A sales girl in a well-appointed boutique, a graduate of Economics from the University of Uyo, told me before the opening of the mall, she had lived on an ushering job that came once in a while, which also depends on one’s ability to connect with the right people through referrals. She said with what she is earning at the boutique, she is able to feed herself, pay her house rent and save money for her Master’s programme.
It is not a new era for only business owners and job seekers. For indigenes that relied on such malls in other parts of the country like Lagos and Abuja whenever they travelled outside the state, the Ibom Tropicana Shopping Mall offers the option of shopping at home for the same products and services they would get elsewhere, and thereby spending their income in the state.
From newspaper reports, the re-modelled shopping mall is a public-private partnership (PPP) involving the state government and Median Construction Development Limited, the major investors, in a 25 per cent: 75 percent ownership ratio, respectively. The facility is a testimony to what could be achieved through PPP that is proving to be the easiest way to provide infrastructural development to the people. It speaks to an economic environment that is conducive enough to attract investment from outside the state.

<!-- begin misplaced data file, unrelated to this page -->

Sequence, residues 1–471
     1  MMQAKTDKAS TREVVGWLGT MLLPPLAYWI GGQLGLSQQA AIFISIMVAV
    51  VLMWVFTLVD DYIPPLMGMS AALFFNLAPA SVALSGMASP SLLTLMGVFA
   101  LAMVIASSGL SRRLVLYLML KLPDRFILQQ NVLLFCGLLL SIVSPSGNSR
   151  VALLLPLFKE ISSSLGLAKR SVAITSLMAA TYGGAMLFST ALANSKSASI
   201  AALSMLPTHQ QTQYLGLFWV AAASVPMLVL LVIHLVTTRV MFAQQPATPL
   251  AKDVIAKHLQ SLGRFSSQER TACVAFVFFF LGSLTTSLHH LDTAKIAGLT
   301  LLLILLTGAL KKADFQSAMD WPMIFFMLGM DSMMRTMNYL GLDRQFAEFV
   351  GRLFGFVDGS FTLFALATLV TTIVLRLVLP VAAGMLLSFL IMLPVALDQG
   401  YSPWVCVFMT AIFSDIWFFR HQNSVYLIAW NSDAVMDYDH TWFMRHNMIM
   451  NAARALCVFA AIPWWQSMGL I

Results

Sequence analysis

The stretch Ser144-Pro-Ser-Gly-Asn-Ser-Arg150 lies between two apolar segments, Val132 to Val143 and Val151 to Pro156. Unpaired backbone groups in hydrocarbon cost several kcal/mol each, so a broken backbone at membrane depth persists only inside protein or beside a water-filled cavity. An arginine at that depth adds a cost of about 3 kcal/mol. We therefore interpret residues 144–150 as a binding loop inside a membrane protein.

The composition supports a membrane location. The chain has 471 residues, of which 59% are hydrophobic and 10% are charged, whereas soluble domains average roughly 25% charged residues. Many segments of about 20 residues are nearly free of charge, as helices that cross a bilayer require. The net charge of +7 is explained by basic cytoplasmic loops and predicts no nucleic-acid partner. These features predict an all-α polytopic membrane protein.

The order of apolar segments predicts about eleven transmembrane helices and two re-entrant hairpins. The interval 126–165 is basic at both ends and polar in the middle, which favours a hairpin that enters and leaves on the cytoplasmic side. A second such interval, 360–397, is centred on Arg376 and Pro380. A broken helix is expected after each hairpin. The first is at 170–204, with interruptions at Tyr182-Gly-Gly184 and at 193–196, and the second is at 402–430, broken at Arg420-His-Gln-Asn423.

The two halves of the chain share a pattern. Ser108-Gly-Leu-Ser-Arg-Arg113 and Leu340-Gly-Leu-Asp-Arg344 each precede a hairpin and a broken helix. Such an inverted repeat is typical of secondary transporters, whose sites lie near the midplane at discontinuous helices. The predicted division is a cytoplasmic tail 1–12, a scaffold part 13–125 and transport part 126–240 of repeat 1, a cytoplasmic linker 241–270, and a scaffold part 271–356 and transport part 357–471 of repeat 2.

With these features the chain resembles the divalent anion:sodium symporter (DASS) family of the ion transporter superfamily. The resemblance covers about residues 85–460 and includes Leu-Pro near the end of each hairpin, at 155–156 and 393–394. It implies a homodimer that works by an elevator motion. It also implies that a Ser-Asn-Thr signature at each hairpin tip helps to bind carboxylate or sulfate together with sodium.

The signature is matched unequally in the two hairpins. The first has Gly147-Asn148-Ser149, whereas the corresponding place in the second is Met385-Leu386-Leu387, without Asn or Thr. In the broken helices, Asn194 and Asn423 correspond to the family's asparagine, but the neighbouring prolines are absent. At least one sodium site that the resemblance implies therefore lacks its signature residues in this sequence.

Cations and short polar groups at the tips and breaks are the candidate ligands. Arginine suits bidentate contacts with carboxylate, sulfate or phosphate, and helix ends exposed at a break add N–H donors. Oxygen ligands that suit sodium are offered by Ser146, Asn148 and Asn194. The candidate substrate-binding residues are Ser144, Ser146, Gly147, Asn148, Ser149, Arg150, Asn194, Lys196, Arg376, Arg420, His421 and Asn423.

Engineer Olumida Akinsanya, the chief executive officer of Median Construction Development Limited, was reported to have said, while conducting newsmen round the mall before its official commissioning, that the ease of doing business in Akwa Ibom is unequalled in the country.
He said while the company struggled through longer periods, sometimes up to two years to obtain certificate of occupancy in some states where it does business (The company has investments in virtually all the states of the federation), it took less than one month to obtain the same document in Akwa Ibom. He said emphatically that the state is an investment destination.
Coming from an investor from outside the state, and one that has had a feel of the investment climate in other parts of the country, Akinsanya’s endorsement is quite significant; perhaps, more than whatever message might come out of the government’s information machineries on the conduciveness of the state’s economic environment. It couldn’t possibly have been for the purpose of patronage that he would single out the state for praise, considering that he has similar investments in other parts of the country, including states with presumably stronger economies.
When completed and fully functional, Ibom Tropicana Shopping Mall is expected to provide over 600 direct jobs and thousands of indirect employment. At the moment, the facility is enhancing the growth of small businesses such as boutiques, groceries, electronics, ICT, hospitality, pharmacy, furniture, etc, which have all combined to create employment for a good number of youths. It is helping to stimulate economic activities in the state and, ultimately, contributing to improvement in standard of living in many homes.
Asuquo is a Lagos-based public affairs commentator